Thomas Hill’s View of Yosemite Valley (1865). Courtesy of the New-York Historical Society.

Between 1996 to 2010, the Brooklyn Museum loaned four works to the White House, including Frederic Remington’s The Outlier (1909), John Frederick Peto’s Door with Lanterns (late 1880s) for the West Wing reception room, and Robert Lobe’s Harmony Ridge #26 (1990), lent for an exhibition of 20th-century American sculpture.

Frederic Remington's The Outlier (1909). Courtesy of the Brooklyn Museum.

Frederic Remington’s The Outlier (1909). The work was on loan to the White House from from Aug. 14 1996 until Aug. 31, 2010. Courtesy of the Brooklyn Museum.

In 2004, the Museum of Fine Arts, Boston, sent Edward Wilbur Dean Hamilton’s Summer at Campobello, New Brunswick (c. 1900) the White House. In 2014, the museum received another White House request—for a 3D printed Iris Van Herpen dress for a one-day education workshop—but the request was later canceled.

The Walker Art Center, meanwhile, loaned George Segal’s bronze Walking Man (1988) for the exhibition “Statues into Sculpture” in the first lady’s garden from 1994 to 1995.

Some senators also borrow from their hometown museums. Roy Blunt, a Republican from Missouri, has two Thomas Hart Benton paintings in his DC office on loan from the Nelson-Atkins Museum of Art in Kansas City. Former Missouri House member Ike Skelton also borrowed from the Nelson-Atkins for his office.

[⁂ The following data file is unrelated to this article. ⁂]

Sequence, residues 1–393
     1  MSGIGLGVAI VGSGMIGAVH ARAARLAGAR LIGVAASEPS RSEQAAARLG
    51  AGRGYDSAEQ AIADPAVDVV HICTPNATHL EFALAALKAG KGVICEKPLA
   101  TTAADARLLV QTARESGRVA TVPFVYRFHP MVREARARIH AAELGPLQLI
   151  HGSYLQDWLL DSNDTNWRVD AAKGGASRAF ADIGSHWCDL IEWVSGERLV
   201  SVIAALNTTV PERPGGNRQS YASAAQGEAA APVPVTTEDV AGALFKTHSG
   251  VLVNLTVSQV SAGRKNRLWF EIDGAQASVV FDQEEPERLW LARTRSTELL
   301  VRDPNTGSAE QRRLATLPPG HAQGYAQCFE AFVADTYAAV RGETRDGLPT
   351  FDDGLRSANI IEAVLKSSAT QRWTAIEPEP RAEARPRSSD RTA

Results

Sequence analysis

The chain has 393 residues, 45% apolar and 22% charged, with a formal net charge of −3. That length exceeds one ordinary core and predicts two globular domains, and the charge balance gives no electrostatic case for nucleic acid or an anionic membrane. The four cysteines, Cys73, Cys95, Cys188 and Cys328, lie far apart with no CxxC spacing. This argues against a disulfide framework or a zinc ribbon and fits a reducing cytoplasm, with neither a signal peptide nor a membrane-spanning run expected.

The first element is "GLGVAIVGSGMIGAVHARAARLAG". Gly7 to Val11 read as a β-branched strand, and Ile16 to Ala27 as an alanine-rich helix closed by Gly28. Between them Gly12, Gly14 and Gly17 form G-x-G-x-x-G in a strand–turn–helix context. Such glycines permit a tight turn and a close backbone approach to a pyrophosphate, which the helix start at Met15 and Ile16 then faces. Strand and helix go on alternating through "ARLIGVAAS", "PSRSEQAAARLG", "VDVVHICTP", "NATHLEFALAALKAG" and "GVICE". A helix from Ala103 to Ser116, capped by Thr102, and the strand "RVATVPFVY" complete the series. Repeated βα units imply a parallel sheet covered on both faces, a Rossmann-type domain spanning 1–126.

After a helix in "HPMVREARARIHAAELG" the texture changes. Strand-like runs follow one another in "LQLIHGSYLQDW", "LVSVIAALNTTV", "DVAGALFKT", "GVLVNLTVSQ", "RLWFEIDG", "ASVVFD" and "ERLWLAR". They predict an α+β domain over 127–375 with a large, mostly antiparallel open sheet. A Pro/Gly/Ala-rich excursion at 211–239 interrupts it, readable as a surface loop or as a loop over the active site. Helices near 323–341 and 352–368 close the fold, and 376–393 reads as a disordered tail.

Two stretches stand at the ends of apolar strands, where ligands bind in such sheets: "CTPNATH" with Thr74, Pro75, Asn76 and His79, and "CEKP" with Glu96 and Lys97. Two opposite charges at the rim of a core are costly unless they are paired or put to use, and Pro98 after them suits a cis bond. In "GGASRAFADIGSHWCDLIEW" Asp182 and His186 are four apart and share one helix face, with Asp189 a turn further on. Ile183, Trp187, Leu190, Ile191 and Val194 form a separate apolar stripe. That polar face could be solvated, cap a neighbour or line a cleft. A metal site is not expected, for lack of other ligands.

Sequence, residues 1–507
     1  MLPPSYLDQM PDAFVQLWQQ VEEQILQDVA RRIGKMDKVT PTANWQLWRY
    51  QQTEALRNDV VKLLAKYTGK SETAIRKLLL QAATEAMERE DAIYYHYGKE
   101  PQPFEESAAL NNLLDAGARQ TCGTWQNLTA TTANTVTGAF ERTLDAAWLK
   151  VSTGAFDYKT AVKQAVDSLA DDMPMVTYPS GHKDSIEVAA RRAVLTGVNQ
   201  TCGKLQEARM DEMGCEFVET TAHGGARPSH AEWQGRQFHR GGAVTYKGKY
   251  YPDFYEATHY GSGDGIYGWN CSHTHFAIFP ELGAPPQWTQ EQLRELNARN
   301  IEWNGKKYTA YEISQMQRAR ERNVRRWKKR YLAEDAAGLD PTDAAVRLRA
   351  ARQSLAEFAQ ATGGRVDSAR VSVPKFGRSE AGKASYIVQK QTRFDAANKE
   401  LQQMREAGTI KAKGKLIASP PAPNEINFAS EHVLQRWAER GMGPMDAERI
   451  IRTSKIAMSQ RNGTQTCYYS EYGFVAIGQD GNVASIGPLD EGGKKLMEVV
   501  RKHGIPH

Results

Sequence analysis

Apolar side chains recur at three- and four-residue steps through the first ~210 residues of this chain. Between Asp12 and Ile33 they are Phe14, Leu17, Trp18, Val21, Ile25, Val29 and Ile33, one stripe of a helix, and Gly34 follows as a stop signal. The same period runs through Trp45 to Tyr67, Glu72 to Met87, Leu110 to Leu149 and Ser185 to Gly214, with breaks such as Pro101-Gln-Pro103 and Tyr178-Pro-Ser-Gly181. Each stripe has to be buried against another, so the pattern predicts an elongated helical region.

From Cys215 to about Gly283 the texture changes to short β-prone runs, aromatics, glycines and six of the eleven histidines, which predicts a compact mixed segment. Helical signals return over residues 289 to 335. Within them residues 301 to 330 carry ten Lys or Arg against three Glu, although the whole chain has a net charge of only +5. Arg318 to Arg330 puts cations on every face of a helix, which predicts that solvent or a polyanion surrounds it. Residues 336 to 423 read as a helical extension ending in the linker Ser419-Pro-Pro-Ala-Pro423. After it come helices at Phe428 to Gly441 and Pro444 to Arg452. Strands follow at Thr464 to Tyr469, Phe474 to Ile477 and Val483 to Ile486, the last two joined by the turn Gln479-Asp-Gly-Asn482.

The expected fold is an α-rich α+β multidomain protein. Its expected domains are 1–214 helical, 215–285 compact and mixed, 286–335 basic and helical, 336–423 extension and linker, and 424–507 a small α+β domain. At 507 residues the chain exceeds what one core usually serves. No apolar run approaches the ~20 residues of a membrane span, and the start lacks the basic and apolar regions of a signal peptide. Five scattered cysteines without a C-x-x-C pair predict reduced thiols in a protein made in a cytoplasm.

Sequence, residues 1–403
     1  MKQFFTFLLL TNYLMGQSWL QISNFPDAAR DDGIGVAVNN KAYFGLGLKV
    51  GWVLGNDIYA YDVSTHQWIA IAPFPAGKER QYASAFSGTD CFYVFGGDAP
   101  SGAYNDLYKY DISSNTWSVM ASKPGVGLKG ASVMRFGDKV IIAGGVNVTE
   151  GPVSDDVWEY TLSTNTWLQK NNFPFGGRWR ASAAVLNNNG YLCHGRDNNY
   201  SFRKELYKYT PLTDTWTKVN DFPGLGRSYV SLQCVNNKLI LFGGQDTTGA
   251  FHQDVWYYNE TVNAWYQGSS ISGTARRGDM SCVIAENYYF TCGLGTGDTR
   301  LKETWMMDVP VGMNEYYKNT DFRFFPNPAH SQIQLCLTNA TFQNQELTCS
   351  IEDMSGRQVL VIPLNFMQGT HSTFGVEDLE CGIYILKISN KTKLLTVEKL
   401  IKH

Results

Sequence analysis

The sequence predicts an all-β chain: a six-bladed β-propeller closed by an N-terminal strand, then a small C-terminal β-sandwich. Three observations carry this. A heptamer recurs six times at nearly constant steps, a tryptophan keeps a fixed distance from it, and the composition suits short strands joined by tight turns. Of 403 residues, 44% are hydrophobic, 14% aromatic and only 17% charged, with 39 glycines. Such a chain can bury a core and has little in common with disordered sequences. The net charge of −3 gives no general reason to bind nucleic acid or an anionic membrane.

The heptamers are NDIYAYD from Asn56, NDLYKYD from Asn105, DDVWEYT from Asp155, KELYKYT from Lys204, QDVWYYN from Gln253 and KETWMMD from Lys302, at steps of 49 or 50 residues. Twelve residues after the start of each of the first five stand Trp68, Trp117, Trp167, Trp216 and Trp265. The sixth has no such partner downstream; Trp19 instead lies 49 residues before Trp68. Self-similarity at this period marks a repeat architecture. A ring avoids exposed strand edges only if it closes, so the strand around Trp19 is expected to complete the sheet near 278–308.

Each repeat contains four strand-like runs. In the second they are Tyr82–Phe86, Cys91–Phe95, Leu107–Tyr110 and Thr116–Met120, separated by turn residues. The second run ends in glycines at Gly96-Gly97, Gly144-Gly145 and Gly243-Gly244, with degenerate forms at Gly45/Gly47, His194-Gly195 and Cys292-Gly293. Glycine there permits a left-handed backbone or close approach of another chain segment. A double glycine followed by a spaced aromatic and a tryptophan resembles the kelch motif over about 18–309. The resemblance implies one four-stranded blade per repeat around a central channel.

Occasionally, White House loans can get dicey, according to the White House Historical Association’s Costello. In 1969, when President Nixon requested that the Frederic Remington Art Museum lend Remington’s Charge of the Rough Riders at San Juan Hill (1898) to hang in the Roosevelt Room in the West Wing, the New York museum agreed, but only for two years.

“The work was returned to the museum, even though Nixon wanted to keep it in the West Wing beyond the loan,” Costello said.

The history of the work itself is tied to world affairs. When Remington cabled William Randolph Hearst from Cuba saying that there was no war for him to illustrate, the latter was said to have replied, “You furnish the pictures. I’ll furnish the war.” Much has changed since the Spanish American War. Evidently, today’s clarion call is: We can’t furnish the painting, but would a golden toilet do the trick?


Follow artnet News on Facebook:


Want to stay ahead of the art world? Subscribe to our newsletter to get the breaking news, eye-opening interviews, and incisive critical takes that drive the conversation forward.

Share